Which apple, which recipe? Our primer explains all
No fruit says fall like apples. Baked into pies, pureed into sauces, sauteed with meats and stews both savory and sweet, it is one of our most comforting and versatile fruits. But which apple to use for what?
Not a simple question. During the last decade, the number of apple varieties has exploded, with heirlooms and “club” varieties – apples essentially licensed to only a specific group of growers and marketers – tumbling into the bins at farm stands and supermarkets. And apple taste, texture, acidity, sweetness and response to being cooked can vary dramatically from one variety to another.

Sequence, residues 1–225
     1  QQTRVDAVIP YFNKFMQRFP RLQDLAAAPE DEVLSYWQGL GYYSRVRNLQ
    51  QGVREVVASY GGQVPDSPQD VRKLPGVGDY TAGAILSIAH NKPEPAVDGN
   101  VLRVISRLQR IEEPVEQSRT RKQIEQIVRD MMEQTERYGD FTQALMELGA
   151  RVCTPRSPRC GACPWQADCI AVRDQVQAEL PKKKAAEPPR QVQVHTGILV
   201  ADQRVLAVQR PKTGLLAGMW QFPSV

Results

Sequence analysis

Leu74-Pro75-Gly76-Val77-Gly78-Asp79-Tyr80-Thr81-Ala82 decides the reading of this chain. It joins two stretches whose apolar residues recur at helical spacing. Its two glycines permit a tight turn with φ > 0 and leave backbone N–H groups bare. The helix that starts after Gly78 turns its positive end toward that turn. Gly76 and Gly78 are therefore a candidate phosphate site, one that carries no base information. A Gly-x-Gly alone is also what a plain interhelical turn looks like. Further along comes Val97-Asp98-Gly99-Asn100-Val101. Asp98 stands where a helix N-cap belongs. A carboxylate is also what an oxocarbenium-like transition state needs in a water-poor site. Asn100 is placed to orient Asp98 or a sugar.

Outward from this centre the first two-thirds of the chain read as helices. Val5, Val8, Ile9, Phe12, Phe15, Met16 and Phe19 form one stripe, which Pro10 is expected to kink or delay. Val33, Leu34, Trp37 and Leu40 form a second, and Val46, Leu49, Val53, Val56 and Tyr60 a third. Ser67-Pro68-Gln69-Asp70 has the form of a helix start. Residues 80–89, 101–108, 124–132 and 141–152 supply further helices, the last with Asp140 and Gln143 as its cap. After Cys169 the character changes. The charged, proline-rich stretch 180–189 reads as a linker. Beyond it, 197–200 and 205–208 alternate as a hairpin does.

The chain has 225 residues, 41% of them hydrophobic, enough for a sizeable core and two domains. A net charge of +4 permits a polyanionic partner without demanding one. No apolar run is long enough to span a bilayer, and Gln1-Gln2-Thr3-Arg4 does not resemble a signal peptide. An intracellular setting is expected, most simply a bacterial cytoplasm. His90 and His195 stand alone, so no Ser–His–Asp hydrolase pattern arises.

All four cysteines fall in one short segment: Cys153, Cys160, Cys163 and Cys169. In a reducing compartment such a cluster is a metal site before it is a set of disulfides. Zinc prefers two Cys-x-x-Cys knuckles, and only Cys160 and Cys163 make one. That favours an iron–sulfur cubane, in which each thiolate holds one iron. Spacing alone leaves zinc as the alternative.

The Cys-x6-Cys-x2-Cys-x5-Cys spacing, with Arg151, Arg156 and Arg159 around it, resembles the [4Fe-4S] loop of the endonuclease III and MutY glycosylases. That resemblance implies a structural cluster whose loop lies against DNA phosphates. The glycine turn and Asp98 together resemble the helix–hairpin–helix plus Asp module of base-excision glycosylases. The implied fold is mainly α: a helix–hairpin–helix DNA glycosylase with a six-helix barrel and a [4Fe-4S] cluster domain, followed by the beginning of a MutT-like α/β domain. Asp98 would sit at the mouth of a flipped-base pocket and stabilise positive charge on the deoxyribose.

Just because you like to bite into a big juicy Fuji doesn’t mean it’s the best apple for your mom’s famous pie. And though McIntosh make great applesauce, you might not want to use them in a salad. With Americans consuming roughly 2.4 million tons of apples a year – or about 15 pounds per person, according to Agriculture Department figures – a primer on which apples to use when and how seemed just right for the season.
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